Copyright © 2018 Albuquerque Journal
Hilaria Martinez wept as she spoke, in Spanish, of the ICE detainment of her husband Juan Martinez. How one of their daughters has anxiety attacks. How the family spent the holidays alone. How she doesn’t know how to explain why their father isn’t with them.
Behind her dozens gathered for a vigil Wednesday night demanding Immigration and Customs Enforcement release Martinez, denouncing their presence in Albuquerque and pushes by the Trump administration to enforce federal immigration laws in local communities.
“We will not sit idly by while our families, co-workers, neighbors, classmates and fellow parishioners are targeted and our families are separated,” Fabiola Bawden, community organizer with El Centro de Igualdad y Derechos, said. “Today we say, ‘Enough is enough.’ ”
Bawden called the collaboration between ICE and public institutions – like courts and probation offices – a threat to families’ safety and addressed letters sent to local jurisdictions by the Department of Justice asking them to turn over policies related to immigration enforcement.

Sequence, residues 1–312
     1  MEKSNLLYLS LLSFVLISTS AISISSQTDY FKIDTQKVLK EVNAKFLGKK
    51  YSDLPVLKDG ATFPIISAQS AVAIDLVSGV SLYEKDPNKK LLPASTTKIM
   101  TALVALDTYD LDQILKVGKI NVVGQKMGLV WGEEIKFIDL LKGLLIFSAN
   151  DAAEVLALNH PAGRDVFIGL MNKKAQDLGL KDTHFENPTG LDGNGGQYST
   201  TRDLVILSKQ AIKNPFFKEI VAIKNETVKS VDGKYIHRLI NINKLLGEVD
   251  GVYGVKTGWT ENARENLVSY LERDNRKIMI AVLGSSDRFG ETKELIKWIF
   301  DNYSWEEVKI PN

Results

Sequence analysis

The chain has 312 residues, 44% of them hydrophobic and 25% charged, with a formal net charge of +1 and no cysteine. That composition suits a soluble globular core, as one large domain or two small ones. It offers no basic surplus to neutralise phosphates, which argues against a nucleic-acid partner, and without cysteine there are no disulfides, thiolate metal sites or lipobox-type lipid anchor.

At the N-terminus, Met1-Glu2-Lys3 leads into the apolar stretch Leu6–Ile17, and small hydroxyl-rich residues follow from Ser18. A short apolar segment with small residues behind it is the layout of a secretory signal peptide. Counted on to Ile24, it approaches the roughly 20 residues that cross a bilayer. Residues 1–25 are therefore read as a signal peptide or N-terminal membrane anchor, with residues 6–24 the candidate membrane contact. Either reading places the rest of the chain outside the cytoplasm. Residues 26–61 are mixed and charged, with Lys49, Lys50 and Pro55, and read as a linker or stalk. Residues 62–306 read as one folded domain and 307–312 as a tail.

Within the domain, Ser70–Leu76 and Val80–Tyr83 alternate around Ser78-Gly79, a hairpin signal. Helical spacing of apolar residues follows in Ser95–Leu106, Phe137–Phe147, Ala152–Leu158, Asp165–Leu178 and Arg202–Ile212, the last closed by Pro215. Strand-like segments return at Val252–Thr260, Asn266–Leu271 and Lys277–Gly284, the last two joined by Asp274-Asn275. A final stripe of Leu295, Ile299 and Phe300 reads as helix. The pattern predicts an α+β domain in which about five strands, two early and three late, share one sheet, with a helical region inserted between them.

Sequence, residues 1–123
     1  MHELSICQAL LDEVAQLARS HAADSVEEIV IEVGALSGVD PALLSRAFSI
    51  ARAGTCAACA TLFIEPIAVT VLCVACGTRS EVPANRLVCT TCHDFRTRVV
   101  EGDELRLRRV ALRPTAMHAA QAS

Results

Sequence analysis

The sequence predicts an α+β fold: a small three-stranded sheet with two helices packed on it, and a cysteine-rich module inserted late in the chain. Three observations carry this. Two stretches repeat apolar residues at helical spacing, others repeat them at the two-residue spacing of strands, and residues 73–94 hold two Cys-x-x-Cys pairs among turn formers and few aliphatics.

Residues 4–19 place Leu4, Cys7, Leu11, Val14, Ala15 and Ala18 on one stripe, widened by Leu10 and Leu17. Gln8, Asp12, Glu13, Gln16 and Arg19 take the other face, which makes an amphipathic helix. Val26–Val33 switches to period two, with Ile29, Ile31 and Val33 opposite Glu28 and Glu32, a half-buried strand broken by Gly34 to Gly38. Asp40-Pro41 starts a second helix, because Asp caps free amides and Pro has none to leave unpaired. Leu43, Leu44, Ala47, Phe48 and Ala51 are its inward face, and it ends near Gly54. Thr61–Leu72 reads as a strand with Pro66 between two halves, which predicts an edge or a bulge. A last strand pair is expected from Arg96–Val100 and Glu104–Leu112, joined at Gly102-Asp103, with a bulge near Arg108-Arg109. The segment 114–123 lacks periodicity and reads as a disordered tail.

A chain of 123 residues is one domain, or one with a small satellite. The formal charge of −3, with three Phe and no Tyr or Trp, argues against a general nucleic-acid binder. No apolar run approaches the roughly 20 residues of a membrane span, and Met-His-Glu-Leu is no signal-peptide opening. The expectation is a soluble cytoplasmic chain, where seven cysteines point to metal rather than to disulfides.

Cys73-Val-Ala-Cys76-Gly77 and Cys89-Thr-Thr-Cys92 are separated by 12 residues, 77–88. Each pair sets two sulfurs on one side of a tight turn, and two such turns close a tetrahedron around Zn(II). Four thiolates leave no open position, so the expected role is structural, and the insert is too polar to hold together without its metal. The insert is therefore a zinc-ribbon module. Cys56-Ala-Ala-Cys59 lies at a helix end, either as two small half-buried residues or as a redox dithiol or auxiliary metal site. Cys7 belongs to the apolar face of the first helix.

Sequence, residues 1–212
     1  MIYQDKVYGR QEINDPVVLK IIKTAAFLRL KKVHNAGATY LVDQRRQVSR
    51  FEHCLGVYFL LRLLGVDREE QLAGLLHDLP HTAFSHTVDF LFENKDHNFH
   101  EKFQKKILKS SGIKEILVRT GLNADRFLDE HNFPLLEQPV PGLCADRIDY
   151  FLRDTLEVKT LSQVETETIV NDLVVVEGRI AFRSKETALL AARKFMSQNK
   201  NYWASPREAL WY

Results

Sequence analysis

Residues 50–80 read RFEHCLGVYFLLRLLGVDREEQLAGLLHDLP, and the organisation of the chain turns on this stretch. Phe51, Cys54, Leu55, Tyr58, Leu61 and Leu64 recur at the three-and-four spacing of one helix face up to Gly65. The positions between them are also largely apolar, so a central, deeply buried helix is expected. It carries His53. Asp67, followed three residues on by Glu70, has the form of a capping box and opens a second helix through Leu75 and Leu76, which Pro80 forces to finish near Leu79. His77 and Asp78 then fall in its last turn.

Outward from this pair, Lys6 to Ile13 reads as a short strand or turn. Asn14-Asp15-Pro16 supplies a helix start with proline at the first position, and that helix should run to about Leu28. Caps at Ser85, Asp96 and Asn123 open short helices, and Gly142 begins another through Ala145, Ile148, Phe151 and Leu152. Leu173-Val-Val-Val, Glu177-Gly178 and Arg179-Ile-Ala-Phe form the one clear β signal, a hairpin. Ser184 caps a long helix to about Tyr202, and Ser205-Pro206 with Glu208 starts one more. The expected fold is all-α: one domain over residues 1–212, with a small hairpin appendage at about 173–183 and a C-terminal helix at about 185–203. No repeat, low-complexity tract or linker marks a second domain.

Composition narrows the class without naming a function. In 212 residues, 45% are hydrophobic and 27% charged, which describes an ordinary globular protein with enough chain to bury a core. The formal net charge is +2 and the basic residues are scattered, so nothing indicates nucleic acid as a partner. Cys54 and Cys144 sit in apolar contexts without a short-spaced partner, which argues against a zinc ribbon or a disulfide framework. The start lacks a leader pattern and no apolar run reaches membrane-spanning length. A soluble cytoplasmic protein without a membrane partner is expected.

The letters, sent out earlier Wednesday, threatened to cut future law enforcement-related grants if counties don’t comply.
“Our message is clear: We have justice and the law on our side,” Bawden said. “Our communities will continue to use every tool at our disposal to resist Trump’s bully tactics.”
Hilaria Martinez said her husband Juan Martinez was detained by ICE in December after going to speak with his probation officer.
“I was outside the offices waiting for my husband – but he never came out,” Martinez said in Spanish, with Bawden translating. “When I heard that my husband was in the hands of ICE, I felt like I was going to faint.”
While Martinez’s fate is uncertain, she said she does not want any other families to go through the same thing.
“I urge the community to continue to organize, to speak out, and to stand up for the justice that our families deserve,” she said.